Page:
In a world of increased brand awareness, but in a sector of limited choice – does reputation really matter in social housing?  In today’s blog we explore the purpose of your Net Promoter Score, and how can you use that information to gain insight and make impactful service and delivery changes.

What does the reputational measure mean in a social housing context?

At IFF-Voluntas, reputational measure is becoming a recurring theme in customer research – both in overall satisfaction surveys and transactional surveys.  Landlords want to know more than just whether customers are satisfied with their services, they want to know if they are trusted, delivering to expectations and are well thought of by customers.  Understanding how the organisation is perceived, and what needs to change to improve this perception, helps landlords create the constant loop of creating change for the better.

Why is reputation important?

Active reputation management is good business. It:

  • Helps you communicate your vision and values.
  • Helps your organisation be more human and more relatable to your customers.
  • Demonstrates to your staff and customers that you listen and care how you are perceived.
  • Helps to create real change in your organisation through evidence-based decision making.
Social Housing Reputation Matters

What questions should you ask to measure your reputation?

Within the recent social housing green paper, the Government raised the idea of using an NHS style friends and family test to measure reputation on a five-point scale:

We would like you to think about your recent experience of our services. How likely are you to recommend our service to friends and family if they needed similar care or treatment?

The contextualisation of ‘being in a similar circumstance’ and ‘requiring similar services’ may be helpful when translating this type of measure to social housing; although customers cannot usually recommend their landlord (or their heart surgeon), they can think about someone hypothetically in the same situation as them.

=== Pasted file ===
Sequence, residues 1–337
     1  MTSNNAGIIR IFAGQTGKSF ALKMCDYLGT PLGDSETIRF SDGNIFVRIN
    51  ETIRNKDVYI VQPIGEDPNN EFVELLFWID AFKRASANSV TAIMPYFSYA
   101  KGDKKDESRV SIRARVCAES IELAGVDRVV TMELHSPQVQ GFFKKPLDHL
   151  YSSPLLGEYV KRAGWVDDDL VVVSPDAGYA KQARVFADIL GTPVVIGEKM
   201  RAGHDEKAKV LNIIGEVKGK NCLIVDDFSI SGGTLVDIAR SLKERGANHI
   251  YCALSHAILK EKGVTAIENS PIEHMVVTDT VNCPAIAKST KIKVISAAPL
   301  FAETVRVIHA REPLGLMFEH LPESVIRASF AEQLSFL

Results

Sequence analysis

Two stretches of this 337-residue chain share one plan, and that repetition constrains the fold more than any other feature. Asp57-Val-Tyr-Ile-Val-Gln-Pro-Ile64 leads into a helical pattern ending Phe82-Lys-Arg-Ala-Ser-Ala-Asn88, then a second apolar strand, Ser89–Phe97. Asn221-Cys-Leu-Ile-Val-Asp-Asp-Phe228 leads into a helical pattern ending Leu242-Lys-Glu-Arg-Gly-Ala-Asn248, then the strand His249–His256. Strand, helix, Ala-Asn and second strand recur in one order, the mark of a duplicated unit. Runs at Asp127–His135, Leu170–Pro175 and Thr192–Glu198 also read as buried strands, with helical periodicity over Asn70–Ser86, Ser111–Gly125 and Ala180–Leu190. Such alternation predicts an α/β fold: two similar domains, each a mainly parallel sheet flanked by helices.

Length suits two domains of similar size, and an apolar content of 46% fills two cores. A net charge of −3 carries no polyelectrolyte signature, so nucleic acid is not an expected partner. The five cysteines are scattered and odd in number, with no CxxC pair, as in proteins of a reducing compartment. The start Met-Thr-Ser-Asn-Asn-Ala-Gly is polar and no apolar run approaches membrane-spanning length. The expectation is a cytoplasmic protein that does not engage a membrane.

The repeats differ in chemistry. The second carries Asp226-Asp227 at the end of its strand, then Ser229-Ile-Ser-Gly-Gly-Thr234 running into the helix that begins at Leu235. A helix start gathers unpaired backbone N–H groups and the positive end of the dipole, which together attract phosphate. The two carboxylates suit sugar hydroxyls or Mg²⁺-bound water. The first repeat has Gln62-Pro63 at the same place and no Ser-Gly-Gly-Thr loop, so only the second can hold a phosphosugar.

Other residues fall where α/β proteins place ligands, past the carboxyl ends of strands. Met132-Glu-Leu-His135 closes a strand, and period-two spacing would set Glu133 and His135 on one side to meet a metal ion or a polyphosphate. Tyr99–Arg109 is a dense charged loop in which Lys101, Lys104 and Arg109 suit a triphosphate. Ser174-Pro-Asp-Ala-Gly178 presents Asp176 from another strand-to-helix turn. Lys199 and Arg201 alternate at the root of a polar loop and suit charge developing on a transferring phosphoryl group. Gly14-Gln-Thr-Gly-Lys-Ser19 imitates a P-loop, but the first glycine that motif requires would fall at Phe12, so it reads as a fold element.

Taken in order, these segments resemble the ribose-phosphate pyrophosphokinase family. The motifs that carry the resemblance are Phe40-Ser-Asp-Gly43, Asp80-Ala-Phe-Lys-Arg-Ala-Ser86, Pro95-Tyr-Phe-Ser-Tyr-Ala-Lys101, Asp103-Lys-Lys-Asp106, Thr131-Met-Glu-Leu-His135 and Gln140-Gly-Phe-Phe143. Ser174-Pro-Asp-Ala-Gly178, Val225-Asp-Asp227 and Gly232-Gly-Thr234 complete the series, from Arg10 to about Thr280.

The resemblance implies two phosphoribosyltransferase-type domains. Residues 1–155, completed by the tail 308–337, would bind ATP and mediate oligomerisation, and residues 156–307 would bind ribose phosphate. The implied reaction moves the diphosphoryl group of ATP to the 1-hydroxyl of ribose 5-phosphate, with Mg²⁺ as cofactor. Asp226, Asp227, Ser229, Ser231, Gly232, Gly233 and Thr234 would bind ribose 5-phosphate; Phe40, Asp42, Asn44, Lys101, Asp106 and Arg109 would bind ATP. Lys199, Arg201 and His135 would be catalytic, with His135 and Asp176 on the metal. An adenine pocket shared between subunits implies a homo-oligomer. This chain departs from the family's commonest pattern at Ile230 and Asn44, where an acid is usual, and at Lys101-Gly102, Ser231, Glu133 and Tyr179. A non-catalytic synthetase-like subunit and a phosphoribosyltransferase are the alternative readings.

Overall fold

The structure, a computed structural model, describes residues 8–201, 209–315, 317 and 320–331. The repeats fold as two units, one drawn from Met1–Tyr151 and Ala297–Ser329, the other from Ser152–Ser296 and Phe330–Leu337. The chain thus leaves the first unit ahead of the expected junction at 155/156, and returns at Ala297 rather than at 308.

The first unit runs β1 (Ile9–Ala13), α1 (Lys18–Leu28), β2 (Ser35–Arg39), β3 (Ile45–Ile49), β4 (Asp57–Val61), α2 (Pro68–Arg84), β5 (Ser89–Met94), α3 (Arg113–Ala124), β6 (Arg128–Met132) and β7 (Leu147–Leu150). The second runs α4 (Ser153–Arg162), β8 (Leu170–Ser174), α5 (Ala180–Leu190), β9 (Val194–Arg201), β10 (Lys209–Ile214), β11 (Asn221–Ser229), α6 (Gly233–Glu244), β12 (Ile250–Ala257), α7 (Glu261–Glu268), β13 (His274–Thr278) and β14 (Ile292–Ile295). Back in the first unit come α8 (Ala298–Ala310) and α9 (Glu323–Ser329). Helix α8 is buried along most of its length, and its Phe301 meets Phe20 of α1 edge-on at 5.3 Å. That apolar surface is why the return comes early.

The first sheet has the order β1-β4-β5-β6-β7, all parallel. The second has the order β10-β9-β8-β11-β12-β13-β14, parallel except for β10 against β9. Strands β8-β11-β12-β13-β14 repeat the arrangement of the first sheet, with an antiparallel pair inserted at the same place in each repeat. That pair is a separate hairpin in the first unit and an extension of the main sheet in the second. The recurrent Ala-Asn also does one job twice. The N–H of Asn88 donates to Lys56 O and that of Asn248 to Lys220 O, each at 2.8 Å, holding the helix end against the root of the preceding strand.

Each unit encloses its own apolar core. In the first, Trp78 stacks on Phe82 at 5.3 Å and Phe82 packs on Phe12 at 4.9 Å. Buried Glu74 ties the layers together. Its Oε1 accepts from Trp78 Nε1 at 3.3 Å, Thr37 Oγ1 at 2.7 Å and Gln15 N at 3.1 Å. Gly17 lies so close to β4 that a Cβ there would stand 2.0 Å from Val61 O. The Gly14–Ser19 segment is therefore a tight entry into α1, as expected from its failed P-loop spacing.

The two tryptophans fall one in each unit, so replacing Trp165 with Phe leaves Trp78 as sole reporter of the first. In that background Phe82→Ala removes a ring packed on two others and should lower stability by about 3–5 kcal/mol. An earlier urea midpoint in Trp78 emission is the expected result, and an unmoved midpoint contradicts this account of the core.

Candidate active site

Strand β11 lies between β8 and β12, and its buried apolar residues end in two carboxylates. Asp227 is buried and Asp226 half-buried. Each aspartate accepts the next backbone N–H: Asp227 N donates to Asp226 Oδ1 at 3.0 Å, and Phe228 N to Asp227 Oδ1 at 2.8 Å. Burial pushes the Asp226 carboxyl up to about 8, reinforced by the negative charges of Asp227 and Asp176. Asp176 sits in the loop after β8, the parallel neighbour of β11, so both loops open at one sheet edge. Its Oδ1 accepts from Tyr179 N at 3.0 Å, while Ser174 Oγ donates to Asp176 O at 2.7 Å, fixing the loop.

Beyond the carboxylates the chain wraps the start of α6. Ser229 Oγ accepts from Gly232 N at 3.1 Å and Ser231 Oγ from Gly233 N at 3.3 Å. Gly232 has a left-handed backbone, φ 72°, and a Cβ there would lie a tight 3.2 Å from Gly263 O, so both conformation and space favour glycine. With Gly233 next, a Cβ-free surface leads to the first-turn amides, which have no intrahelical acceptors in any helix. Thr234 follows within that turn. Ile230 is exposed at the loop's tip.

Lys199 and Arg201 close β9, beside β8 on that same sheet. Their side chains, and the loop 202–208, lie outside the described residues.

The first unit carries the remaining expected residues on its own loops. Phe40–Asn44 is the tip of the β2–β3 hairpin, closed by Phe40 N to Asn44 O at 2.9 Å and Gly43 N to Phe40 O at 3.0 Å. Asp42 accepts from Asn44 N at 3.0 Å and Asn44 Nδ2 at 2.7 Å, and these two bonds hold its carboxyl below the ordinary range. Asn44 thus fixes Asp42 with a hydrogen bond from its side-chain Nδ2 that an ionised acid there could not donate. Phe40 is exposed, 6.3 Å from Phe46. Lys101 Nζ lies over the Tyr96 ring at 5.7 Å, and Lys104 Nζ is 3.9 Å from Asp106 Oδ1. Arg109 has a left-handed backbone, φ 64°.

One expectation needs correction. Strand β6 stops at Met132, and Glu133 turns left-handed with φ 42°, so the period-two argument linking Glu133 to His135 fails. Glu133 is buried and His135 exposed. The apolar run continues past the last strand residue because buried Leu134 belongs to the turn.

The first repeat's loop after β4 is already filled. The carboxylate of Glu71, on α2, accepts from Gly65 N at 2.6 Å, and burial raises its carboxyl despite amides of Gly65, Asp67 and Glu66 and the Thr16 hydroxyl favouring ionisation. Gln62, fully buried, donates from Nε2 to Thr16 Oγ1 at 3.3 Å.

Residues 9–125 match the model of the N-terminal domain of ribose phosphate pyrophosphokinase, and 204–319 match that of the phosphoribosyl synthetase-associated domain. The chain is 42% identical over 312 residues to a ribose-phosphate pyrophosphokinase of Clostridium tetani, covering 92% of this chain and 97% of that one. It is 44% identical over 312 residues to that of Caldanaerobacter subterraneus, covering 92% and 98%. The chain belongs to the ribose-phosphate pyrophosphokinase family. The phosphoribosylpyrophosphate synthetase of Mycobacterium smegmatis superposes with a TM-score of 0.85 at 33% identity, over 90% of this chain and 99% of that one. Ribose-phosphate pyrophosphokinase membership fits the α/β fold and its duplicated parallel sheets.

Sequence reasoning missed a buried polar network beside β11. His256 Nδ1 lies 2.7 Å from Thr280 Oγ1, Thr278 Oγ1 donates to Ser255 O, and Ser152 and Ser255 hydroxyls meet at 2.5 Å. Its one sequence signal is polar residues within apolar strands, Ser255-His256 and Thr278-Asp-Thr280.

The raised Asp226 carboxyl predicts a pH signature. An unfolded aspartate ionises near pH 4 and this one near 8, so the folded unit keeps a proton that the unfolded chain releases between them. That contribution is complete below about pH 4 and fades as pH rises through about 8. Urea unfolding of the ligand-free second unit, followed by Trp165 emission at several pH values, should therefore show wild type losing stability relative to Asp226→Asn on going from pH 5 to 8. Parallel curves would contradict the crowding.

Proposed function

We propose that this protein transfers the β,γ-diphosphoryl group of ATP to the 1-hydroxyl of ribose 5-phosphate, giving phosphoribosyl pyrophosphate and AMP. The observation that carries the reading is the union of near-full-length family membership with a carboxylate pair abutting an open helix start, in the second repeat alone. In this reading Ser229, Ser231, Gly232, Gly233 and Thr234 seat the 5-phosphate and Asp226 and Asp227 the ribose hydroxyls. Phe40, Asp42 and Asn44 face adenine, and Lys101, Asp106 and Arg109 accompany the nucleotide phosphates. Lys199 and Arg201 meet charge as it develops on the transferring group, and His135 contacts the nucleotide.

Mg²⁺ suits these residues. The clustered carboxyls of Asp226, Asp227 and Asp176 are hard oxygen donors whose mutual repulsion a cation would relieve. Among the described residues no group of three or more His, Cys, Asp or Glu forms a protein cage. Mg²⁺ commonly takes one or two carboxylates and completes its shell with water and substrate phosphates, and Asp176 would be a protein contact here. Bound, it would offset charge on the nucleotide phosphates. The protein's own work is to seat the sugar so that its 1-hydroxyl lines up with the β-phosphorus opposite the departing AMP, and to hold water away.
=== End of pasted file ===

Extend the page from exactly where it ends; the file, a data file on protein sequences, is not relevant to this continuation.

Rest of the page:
Our clients though are increasingly using the Net Promoter Score question with a follow up freetext question to ask for the reason behind the score.  The granularity that the 0-10 scale offers is a more delicate instrument, monitoring movement over time more precisely than a 5-point scale.  The Net Promoter Score question is:

How likely is it that you would recommend our company/product/service to a friend or family member?

And the important follow up question we recommend to clients is:  Why do you say that?

Another added benefit of using the 0 to 10-point scale is the ability to benchmark your score against multiple sectors including high street names, banking and utility providers.

Anything else to think about?

Whichever question you use, it’s important to consider the context when using and comparing reputational measures. If you include the question in a transactional survey for example, the reputational score your organisation receives could be influenced by the outcome of the customers most recent touchpoint in a transactional survey for example, instead of reflecting overall reputation.